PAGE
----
When Ports of Auckland chews off another section of the prized Waitemata Harbour, it expects a long, costly battle to prove its green credentials.

Ports infrastructure general manager Ben Chrystall said the proposed expansion would inevitably have environmental impacts, but their extent would not be known until detailed studies were done.

The Waitemata is home to sensitive populations of orca, bottlenose dolphin, Bryde's whales and fish stocks such as snapper and contains a plethora of popular recreational beaches.

Marine and coastal experts say a 9ha port extension is unlikely to significantly harm such treasures but the port company would need to prove this in detail to secure resource consent.


By reclaiming land and changing the shape of the harbour, port authorities must keep numerous environmental factors in mind - marine life, tidal currents, pollution from dredging and the stirring up of buried contaminants.

In the 1990s the ports infamously dumped inner-harbour dredgings in a popular fishing spot near the Noises Islands. Two decades on, its approach is very different. It will try to recycle any dredgings into fill which will make up the foundation for the new port.

Mr Chrystall said fill from a harbour crossing tunnel or a CBD rail loop could be made into "mudcrete" and used for land reclamation.

"It could be a win-win for Auckland because you might have an inexpensive home for that spoil and it might advance the pace of reclamation."

This method was used when the Rangitoto Channel was dredged, winning the port a Green Ribbon award in 2009 from the Environment Ministry.

The port has also proposed deepening the harbour for super container ships, but more dredging of the Rangitoto Channel is at least 10 years away.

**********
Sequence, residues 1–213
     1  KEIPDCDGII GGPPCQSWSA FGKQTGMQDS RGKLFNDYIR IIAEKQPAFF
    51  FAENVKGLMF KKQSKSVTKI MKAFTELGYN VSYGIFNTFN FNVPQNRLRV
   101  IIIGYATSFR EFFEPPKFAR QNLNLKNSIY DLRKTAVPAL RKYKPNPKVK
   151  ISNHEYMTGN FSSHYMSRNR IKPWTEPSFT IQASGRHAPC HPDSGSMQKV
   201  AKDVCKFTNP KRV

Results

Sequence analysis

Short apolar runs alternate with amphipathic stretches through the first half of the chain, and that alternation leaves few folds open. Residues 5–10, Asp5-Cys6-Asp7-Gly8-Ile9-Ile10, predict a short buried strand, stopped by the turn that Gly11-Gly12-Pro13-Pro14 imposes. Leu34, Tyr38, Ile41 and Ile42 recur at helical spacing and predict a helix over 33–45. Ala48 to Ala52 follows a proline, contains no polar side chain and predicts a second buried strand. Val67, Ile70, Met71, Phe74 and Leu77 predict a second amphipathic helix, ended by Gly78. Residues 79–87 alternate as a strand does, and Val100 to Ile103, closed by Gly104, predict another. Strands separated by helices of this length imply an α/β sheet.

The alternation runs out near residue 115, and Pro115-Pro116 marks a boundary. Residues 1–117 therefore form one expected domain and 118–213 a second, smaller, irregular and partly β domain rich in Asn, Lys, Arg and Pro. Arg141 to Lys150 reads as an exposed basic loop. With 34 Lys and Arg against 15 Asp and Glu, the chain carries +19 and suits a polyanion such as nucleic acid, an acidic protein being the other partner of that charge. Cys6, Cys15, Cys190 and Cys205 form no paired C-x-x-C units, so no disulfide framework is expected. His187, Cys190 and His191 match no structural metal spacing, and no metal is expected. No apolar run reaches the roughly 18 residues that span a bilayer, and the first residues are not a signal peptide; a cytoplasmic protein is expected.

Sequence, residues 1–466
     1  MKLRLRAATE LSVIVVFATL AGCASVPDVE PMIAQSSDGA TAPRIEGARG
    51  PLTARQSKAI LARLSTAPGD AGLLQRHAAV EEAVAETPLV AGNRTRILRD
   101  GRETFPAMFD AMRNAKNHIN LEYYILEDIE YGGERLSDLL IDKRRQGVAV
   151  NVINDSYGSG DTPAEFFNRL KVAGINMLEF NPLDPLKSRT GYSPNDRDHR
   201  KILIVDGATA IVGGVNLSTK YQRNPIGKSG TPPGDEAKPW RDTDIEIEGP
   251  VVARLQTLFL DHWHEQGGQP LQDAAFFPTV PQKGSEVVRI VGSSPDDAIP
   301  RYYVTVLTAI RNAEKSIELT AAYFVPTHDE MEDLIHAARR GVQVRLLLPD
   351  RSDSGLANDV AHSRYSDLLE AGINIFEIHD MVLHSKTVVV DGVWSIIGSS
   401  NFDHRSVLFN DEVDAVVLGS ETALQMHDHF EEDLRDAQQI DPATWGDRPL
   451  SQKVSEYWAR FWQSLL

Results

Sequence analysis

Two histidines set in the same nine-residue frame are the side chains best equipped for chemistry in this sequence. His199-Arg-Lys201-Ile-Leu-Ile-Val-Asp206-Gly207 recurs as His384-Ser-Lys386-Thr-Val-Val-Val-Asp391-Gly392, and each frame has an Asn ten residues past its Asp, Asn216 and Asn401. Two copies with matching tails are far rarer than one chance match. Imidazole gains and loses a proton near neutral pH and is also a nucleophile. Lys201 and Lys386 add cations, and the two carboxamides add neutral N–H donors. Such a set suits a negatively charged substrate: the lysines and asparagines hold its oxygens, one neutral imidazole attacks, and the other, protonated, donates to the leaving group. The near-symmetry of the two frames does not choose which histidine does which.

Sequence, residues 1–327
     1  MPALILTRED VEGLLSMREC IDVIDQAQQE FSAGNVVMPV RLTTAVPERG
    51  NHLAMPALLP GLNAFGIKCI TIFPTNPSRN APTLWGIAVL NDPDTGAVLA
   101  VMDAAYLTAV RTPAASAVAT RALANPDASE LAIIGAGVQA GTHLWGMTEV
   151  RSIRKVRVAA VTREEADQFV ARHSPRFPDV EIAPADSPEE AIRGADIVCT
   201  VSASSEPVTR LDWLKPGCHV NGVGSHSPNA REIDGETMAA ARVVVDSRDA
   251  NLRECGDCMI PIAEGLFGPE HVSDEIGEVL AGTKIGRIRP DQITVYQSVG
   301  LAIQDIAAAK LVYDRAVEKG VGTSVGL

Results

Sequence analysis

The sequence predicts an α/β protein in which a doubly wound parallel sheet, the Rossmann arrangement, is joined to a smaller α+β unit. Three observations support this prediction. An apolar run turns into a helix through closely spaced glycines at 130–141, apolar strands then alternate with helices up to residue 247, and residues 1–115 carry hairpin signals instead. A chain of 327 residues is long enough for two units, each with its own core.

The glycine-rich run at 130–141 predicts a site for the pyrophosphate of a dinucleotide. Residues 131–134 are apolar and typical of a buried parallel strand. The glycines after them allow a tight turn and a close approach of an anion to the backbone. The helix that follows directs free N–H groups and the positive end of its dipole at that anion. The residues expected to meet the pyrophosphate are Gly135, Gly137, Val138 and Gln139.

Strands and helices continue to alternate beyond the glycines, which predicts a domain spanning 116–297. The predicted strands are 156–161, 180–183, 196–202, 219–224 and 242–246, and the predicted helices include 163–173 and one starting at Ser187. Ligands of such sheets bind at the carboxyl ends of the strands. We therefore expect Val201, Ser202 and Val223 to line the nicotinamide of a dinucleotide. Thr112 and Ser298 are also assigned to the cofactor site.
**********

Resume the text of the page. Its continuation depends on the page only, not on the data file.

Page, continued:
Marine mammal expert Rochelle Constantine, at the University of Auckland, said there were no resident whales or dolphins in the port's proposed area of expansion, but bottlenose dolphins and orcas were known to swim near the site.

She said marine mammals could be affected by marine construction, so care would need to be taken when the port did noisy underwater work.


A new plot of land in the harbour could deflect currents in the Waitemata in different ways, leading to greater coastal erosion or the washing up of sediment on beaches.

Marine scientist Mark Costello said these factors were usually considered by engineers, and it was likely those designing a new port would take tidal disturbance into account.

Dr Costello also said if the tide was not allowed to flush out the harbour, algal blooms could grow around Auckland's waterfront.

The consent process for the port's Fergusson container terminal took four years and millions of dollars. The proposed upgrade is even larger.

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